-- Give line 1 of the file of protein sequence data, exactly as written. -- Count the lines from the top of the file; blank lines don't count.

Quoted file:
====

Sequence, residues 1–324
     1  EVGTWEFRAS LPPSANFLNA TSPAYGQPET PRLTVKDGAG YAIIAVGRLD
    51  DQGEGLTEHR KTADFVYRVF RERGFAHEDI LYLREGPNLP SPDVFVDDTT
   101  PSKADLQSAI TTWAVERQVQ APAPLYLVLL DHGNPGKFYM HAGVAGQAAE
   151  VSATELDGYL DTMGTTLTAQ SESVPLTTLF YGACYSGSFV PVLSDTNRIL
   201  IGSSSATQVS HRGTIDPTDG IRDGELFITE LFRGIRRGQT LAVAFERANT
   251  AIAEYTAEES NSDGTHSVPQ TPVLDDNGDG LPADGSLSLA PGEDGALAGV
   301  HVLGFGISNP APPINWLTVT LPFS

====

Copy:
Sequence, residues 1–324